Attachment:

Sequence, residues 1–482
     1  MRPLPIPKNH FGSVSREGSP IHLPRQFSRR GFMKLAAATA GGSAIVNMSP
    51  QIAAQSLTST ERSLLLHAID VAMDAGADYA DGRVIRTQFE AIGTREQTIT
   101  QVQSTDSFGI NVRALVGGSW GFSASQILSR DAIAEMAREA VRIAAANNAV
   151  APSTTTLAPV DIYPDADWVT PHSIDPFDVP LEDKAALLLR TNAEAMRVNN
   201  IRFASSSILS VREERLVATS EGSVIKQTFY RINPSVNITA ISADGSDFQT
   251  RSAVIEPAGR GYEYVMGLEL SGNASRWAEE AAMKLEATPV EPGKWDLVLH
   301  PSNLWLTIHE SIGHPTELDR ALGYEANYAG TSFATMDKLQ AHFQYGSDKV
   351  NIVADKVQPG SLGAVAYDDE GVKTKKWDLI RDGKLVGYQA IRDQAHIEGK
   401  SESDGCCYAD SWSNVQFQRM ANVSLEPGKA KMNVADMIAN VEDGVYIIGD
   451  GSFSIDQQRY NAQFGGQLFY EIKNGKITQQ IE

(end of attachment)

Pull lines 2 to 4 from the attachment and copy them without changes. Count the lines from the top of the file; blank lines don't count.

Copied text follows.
     1  MRPLPIPKNH FGSVSREGSP IHLPRQFSRR GFMKLAAATA GGSAIVNMSP
    51  QIAAQSLTST ERSLLLHAID VAMDAGADYA DGRVIRTQFE AIGTREQTIT
   101  QVQSTDSFGI NVRALVGGSW GFSASQILSR DAIAEMAREA VRIAAANNAV